Moises Serrano is twenty-three years old. He came to the United States from Mexico with his migrant laborer parents when he was eighteen months old. He speaks English without an accent and graduated at the top of his high school class in 2007. He has big plans for his life: he wants to attend the University of North Carolina-Chapel Hill to study journalism. To get there, he’s more than happy to start out at a less-expensive community college.

But he’s also undocumented. That means, according to North Carolina law, that to attend public college he must pay out-of-state tuition rates that would cost him eight times more than if he were considered a resident. Even at a community college, that works out to $700 to $800 a class, which he says is “just unaffordable.” And so Serrano, who graduated from high school with a 3.8 grade point average, works at a clothing store in a mall in Winston-Salem.

Serrano is exactly the kind of young person—hardworking, full of promise—that immigration reform advocates had in mind when, a decade ago, they began lobbying for the passage of the Development, Relief, and Education for Alien Minors (DREAM) Act, which would have provided a path to citizenship for undocumented young people who went to college or served in the military (also known as “DREAMers”). But in 2010, in a dramatic vote, the DREAM Act failed, largely due to the changing views of many former supporters in the Republican Party, like Arizona Senator John McCain, who were facing reelection.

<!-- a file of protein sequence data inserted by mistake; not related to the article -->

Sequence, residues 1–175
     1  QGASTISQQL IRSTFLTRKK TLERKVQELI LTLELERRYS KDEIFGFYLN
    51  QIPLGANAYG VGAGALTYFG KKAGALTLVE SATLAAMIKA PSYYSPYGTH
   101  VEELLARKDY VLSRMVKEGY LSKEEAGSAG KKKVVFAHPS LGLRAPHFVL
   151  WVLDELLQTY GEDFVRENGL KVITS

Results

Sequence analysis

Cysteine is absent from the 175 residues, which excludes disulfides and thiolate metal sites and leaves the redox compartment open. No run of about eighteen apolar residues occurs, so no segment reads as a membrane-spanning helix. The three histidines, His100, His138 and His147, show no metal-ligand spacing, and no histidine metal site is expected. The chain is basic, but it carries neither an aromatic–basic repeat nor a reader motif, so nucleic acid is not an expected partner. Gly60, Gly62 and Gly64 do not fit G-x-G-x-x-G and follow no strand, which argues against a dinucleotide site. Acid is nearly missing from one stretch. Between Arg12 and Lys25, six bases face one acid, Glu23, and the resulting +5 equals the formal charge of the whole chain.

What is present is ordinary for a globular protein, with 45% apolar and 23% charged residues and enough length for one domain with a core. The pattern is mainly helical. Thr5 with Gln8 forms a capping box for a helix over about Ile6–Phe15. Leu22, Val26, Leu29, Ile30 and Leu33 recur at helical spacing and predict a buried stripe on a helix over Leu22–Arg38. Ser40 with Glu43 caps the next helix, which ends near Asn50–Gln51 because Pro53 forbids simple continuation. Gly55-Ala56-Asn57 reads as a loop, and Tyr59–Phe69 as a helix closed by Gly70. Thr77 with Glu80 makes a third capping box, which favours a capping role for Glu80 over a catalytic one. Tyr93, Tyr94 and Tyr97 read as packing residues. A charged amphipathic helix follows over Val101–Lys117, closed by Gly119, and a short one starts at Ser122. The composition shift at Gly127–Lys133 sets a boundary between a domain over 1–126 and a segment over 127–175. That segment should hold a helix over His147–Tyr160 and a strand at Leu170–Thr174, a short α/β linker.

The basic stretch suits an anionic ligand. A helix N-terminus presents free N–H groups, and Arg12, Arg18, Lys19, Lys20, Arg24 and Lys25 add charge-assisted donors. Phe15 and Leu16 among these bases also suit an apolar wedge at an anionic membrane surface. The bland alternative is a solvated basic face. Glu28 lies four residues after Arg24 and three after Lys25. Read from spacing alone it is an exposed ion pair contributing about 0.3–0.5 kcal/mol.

Two years later, President Barack Obama, frustrated with the GOP and eager to win the Latino vote for his reelection, took matters into his own hands. Using his executive power, he instructed the federal government to allow law-abiding young people who arrived illegally in the United States before their sixteenth birthday to apply for permits that protect them from being deported for two years, with a renewal option at the end of that period. This new program, called Deferred Action for Childhood Arrivals, was a stopgap, a way of helping an especially sympathetic group of undocumented immigrants until Congress could pass comprehensive immigration reform. Under DACA, undocumented immigrants who are in high school or college, have finished high school, or have served in the military are granted an official status as “lawfully present.” It’s not the same as being fully legal, but it’s enough, the Obama administration hoped, to allow them to work, get a driver’s license, and go to college.

In practice, however, the results of DACA have been mixed. About a third of the 1.76 million young people across the United States who the Migration Policy Institute estimates are eligible for DACA have applied. The roughly 500,000 who have been granted DACA status at least have the peace of mind of knowing they won’t be deported because they were brought here illegally as children. But it is state governments, not Washington, that largely determine who is eligible for things like driver’s licenses, admission to public colleges, and how much students must pay for secondary education. And state governments have reacted to Obama’s DACA initiative in pretty much the way you’d expect: blue states, which have long been more generous to undocumented immigrants, have, for the most part, tried to accommodate young people with DACA status, while many red states, or swing states with Republican-controlled governments, have not (see map, above).